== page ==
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TrakEM2 is an ImageJ plugin for morphological data mining, three-dimensional modeling and image stitching, registration, editing and annotation.

See TrakEM2 snapshots for an overview.


  • Segmentation: manually draw areas across stacks, and sketch structures with balls and pipes. Skeletonize entire neuronal arborizations and represent synapses with relational connector objects.
  • Measurements: volumes, surfaces, lengths, and also measurements via ImageJ ROIs.
  • Image Registration: register floating image tiles to each other using SIFT and global optimization algorithms.
  • 3D Visualization: interacting with the 3D Viewer plugin, TrakEM2 displays image volumes and 3D meshes of all kinds.
  • Image Annotation: floating text labels.
  • Semantic segmentation: order segmentations in tree hierarchies, whose template is exportable for reuse in other, comparable projects.

TrakEM2 interacts with the 3D Viewer for visualization of image volumes and 3D meshes.

TrakEM2 in Fiji

  • Create new projects from “File - New - TrakEM2 (blank)”
  • Open an existing project by dragging its .xml file onto the toolbar, or via “File - Open”.


Running fiji for heavy-duty, memory-intensive, high-performance TrakEM2 tasks

The following configuration has been tested in a machine with 256 CPU cores and 1 TB of RAM, running Ubuntu 22.04, with the latest 1.8.0 JVM:

-Xms500g -Xmx500g  -XX:+UseG1GC -verbose:gc -XX:+PrintGCDateStamps

Given that Fiji launches with the incremental garbage collector (via -Xincgc) instead of the concurrent one (via -XX:UseG1GC as above), you can’t just modify the ImageJ.cfg file like you would do to update the RAM usage (via -Xms500g -Xmx500g). Instead, do the following: generate a dry-run command in your terminal, pipe it into a text file, edit it to replace the -Xincgc for the G1 GC one, make the file executable, and launch it. This sed script can do that too:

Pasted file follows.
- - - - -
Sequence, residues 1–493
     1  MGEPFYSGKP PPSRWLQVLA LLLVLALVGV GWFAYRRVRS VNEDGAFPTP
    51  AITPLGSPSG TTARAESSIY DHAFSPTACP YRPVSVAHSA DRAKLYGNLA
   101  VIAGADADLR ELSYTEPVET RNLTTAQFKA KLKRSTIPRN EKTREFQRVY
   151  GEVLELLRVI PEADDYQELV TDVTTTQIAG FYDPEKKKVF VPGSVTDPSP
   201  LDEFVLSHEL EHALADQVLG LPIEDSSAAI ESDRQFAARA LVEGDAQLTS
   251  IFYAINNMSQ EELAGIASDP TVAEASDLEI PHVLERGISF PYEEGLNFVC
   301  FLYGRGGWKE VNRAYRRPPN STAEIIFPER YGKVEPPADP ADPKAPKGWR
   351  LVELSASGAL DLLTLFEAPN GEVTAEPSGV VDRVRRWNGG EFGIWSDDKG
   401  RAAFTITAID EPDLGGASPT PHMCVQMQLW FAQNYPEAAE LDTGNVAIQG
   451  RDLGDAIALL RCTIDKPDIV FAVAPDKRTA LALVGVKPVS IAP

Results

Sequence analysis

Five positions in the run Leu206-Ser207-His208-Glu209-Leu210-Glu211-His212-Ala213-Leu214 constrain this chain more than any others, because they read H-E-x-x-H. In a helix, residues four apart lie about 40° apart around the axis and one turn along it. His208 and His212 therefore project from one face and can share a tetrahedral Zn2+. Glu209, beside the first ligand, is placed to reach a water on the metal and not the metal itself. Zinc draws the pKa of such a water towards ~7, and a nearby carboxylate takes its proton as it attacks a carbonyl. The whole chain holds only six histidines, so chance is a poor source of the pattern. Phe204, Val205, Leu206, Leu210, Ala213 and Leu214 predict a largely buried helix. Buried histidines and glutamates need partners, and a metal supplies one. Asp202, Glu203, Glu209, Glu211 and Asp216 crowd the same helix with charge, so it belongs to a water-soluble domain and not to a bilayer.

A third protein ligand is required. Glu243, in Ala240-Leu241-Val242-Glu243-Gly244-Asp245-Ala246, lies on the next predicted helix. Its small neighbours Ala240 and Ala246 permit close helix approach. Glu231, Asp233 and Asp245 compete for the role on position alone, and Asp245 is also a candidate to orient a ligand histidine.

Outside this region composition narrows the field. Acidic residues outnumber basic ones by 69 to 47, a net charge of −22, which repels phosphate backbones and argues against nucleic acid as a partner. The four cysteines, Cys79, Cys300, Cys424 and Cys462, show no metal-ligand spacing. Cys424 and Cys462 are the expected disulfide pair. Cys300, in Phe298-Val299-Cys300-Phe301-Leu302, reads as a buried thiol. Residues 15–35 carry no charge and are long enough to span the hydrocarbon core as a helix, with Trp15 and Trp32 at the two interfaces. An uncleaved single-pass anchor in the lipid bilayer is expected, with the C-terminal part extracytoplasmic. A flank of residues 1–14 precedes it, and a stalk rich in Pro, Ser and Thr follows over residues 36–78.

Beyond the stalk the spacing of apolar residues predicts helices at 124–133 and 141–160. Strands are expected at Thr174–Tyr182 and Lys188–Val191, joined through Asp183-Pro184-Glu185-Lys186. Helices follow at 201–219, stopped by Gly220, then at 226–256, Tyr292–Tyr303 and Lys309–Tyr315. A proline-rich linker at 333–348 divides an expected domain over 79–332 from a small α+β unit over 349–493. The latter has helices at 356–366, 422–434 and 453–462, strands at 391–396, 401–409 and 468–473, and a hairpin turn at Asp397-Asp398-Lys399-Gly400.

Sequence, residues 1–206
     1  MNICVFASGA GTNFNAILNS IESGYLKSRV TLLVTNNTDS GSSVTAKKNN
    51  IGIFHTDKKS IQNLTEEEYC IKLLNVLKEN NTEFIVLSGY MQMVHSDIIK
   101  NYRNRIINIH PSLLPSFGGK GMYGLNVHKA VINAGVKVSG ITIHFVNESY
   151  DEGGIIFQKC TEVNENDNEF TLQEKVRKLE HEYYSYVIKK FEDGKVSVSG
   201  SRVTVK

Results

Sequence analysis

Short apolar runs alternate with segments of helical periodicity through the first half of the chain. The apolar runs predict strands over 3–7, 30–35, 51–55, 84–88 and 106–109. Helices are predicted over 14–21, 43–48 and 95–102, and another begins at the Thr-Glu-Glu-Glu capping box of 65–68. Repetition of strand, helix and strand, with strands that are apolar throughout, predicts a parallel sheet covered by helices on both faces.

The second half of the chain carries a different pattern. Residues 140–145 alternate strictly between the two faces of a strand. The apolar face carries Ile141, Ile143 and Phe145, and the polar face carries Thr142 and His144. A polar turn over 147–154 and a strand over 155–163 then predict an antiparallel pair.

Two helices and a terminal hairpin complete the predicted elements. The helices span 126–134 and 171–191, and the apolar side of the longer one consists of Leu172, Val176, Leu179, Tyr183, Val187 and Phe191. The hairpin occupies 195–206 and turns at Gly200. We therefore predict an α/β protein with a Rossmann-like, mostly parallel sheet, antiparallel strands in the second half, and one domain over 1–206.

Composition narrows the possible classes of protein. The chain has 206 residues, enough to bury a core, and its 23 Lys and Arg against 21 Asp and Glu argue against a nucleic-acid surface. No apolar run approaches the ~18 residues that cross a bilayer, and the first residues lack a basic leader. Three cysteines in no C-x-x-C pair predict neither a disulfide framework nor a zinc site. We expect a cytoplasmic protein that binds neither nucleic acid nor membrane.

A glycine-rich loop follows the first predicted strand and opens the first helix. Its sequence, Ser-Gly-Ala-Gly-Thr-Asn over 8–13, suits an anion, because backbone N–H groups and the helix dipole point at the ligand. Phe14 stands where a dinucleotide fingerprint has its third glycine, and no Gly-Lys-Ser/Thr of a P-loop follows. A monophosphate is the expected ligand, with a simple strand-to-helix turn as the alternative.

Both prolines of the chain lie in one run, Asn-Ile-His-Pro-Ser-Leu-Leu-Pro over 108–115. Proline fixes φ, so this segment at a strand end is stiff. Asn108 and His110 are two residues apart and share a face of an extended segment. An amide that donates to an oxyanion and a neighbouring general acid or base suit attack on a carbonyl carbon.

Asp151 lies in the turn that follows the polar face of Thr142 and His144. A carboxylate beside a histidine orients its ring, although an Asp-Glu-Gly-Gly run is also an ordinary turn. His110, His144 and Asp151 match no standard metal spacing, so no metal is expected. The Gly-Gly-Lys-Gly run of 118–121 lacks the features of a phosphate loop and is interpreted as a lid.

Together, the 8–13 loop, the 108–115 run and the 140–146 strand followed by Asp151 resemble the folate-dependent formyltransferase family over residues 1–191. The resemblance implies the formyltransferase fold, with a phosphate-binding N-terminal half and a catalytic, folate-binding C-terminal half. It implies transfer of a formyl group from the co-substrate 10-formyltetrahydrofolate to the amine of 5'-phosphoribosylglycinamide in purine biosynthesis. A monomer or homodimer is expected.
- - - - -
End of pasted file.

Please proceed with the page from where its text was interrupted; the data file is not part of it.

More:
$ ./ImageJ-linux64 --dry-run | sed 's/-Xincgc/-XX:+UseG1GC -verbose:gc -XX:+PrintGCDateStamps'/ >>
$ chmod +x
$ ./

What the JVM flags mean:

  • -Xms500g : use an initial heap size of 500 Gb (i.e. start fiji with 500 Gb of RAM preallocated to it)
  • -Xmx500g: use a maximum heap size of 500 Gb. Note it’s the same amount as the intial heap size, so that the heap cannot be resized.
  • -XX:+UseG1GC : use the concurrent garbage collector. Clean up unused memory using parallel threads.
  • -verbose:gc: optional, see when the garbage collector runs.
  • -XX:+PrintGCDateStamps: see a record of when the GC is run.

With the above settings, we have succesfully registered tens of thousands of sections with millions of images in TrakEM2.

Preparing TrakEM2 for best performance

For fastest browsing through layers

Right-click on the canvas and choose “Display - Properties…”. Then make sure that: